State v. Hedrick

Annotate this Case

499 S.W.2d 583 (1973)

STATE of Missouri, Plaintiff-Respondent, v. Dwayne Richard HEDRICK, Defendant-Appellant.

No. KCD 26374.

Missouri Court of Appeals, Kansas City District.

September 4, 1973.

*584 Willard B. Bunch, Public Defender, Douglas N. Merritt, Asst. Public Defender, Kansas City, for defendant-appellant.

John C. Danforth, Atty. Gen., Jefferson City, Charles B. Blackmar, Spec. Asst. Atty. Gen., St. Louis, for plaintiff-respondent.


SHANGLER, Presiding Judge.

Appellant was convicted by a jury of burglary in the second degree and sentenced to imprisonment for a term of five years. Appellant contends that the evidence was not sufficient to make a jury issue on the offense and, also, that he was deprived of effective assistance of counsel who was ill prepared to defend him.

The evidence of the State was that between the hours of 6:00 p.m. of September 14, 1970 and 9:30 a.m. of September 15, 1970, the door to the Pfaff Oil Company in Chillicothe, Missouri had been broken open, the interior ransacked, and two timepieces, three United States Savings Bonds, and other personal property of trifling value taken. There was also evidence that appellant had been in the service station to make a purchase of a gallon of kerosene on September 14, 1970 and was seen there by the proprietor who gave him change from the cash box. On the afternoon of September 15, 1970, appellant was arrested *585 at Macon, Missouri, some fifty miles away. A search of his person revealed the two watches recently taken from the Pfaff Oil Company. In addition, a watch hanger and the savings bonds from the front seat of appellant's car were also identified as those missing from the Pfaff Oil Company.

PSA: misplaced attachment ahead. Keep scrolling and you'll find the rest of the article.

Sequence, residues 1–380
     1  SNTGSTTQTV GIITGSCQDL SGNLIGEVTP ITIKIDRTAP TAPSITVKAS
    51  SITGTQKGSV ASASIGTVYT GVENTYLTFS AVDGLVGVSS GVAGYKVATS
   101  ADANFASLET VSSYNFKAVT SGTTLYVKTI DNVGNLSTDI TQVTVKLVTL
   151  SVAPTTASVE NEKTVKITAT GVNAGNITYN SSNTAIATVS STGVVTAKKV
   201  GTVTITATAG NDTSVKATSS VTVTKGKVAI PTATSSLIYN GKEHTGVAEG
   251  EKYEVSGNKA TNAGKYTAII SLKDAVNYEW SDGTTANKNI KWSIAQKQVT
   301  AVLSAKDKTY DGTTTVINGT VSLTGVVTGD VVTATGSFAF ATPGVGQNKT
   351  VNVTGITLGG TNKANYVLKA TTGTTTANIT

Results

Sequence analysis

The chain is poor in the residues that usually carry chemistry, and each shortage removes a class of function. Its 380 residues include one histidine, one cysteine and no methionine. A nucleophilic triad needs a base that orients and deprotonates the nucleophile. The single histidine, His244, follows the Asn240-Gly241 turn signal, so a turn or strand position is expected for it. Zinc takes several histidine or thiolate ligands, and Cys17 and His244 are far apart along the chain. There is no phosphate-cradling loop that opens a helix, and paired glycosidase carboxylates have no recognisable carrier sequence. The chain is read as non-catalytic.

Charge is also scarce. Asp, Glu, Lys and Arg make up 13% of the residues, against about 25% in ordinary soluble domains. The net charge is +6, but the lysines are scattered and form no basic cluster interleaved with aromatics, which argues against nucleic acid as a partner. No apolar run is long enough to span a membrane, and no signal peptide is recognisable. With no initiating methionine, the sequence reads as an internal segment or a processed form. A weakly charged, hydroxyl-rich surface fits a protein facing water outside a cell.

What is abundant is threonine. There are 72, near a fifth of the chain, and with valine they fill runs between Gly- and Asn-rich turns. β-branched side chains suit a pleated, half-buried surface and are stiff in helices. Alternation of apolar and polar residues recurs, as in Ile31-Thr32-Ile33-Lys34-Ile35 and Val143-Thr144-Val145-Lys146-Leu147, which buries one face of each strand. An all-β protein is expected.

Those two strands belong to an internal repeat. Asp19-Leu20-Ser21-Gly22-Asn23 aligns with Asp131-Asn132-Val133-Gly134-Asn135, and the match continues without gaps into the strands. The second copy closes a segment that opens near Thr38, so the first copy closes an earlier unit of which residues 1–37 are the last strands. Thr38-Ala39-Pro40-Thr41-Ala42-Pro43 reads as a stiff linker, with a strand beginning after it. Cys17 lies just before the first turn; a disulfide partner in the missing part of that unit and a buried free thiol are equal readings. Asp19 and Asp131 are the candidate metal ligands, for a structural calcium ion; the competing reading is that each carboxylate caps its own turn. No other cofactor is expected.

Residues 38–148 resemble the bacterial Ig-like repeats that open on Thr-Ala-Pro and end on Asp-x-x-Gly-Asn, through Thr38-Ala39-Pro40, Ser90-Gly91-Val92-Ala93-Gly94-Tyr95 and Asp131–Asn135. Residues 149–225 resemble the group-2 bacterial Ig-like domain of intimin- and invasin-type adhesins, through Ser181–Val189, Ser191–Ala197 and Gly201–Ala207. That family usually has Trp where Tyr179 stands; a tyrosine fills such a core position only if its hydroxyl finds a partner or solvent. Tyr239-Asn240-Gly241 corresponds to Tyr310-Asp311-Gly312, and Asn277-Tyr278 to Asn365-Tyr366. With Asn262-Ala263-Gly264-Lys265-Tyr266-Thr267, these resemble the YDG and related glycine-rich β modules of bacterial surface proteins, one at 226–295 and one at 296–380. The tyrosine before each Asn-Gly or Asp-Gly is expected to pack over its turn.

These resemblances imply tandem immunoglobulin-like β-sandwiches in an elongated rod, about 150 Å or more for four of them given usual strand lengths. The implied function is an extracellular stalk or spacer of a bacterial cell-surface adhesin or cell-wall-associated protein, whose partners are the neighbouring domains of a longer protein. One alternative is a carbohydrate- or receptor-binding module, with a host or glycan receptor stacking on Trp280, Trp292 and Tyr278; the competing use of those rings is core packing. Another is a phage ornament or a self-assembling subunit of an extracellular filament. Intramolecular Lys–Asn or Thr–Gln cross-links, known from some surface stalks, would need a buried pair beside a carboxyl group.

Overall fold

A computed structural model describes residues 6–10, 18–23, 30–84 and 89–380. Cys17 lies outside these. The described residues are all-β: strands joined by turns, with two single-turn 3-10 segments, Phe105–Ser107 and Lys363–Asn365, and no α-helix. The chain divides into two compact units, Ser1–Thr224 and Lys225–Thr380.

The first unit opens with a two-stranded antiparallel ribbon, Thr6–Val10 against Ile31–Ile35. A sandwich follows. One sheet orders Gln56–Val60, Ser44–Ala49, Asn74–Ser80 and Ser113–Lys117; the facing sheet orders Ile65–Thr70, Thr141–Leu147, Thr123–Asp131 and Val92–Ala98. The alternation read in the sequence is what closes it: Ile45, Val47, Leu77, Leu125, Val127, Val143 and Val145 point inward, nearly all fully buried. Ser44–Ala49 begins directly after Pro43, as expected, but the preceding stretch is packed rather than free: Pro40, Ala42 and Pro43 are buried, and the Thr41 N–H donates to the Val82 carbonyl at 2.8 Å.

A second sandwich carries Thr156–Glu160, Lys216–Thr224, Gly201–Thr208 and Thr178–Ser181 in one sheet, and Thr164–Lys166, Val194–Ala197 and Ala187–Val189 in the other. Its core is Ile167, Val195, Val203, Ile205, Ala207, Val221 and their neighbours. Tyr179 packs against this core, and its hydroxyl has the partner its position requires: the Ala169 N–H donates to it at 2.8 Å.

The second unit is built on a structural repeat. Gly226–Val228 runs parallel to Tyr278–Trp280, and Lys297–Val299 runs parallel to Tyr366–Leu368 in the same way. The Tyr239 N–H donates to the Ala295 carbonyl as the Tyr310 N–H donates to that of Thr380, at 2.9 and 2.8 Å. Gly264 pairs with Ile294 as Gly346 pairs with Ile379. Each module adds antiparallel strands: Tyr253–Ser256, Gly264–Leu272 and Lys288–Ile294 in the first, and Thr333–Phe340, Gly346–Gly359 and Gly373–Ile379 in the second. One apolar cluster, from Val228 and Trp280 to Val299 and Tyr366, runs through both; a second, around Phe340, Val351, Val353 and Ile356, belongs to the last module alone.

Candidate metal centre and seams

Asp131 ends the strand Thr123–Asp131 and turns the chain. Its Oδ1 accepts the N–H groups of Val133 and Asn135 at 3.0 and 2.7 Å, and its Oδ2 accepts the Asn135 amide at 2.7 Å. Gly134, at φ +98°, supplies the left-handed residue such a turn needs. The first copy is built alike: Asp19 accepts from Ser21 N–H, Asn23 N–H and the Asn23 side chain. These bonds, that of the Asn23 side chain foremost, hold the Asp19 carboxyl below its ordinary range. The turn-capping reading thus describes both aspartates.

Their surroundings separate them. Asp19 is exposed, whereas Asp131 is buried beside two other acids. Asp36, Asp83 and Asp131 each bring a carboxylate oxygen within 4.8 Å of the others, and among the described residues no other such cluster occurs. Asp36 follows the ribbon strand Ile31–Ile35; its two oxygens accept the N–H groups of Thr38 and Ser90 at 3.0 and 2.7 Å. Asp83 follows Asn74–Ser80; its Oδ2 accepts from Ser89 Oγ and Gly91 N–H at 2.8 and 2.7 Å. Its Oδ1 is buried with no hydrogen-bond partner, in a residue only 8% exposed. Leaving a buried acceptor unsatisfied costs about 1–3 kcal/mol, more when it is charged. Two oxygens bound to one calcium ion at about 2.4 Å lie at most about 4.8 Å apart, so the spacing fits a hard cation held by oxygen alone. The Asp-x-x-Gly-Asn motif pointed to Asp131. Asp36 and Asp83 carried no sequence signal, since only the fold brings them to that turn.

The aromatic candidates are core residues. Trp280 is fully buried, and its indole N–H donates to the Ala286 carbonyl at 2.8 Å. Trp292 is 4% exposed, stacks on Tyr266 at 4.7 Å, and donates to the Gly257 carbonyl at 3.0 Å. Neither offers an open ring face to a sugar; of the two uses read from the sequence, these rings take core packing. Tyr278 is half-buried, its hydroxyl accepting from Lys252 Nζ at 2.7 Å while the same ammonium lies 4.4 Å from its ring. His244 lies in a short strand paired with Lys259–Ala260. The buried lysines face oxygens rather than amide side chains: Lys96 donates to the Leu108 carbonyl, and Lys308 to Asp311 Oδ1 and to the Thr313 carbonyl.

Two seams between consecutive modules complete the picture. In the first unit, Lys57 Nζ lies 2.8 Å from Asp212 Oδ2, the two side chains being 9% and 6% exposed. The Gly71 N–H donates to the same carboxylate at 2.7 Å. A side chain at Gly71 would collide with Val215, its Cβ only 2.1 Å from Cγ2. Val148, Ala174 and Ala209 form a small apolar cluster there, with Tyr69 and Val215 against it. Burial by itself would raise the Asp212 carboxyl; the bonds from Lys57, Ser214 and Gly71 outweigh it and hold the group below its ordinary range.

The appellant did not testify or present evidence.

An inference of guilt of burglary is permissible from the possession of property recently taken in a burglary and is sufficient to submit that offense to the jury. State v. Durham, 367 S.W.2d 619, 621[2, 3] (Mo.1963). For such an inference to arise however, the possession of the illicit property must be a personal possession, conscious, exclusive, distinct and unexplained. State v. Sallee, 436 S.W.2d 246, 250[1] (Mo.1969). An accused may explain his possession of the property, in which event, the credibility of the explanation becomes one of fact for the jury. If disbelieved by the jury, his possession of the property remains unexplained and the conviction will stand. State v. Denison, 352 Mo. 572, 178 S.W.2d 449, 454[7] (1944).

Appellant does not contend that an unlawful entry of the Pfaff Oil Company premises was not shown, but that appellant's possession of the property taken in the burglary was too remote in time to that event to be probative of guilt of that offense. We reject this contention. The articles taken in the burglary were found in appellant's possessionshown by the circumstances to be personal, conscious, exclusive, distinct and a possession for which appellant offered no explanationnot more than 19 hours after the unlawful entry. Possession of a top coat two days after it was stolen [State v. Curley, 142 S.W.2d 34 (Mo.1940)] and possession of an adding machine two months after it was stolen [State v. Denison, supra,] was in each case held to be sufficiently recent to support a conviction for larceny. What is meant by recent possession is to be determined from the facts of each case. State v. Jenkins, 213 S.W. 796, 799[9] (Mo.1919). In the circumstances of this case, appellant's possession of the purloined property 19 hours after the burglary was a recent possession.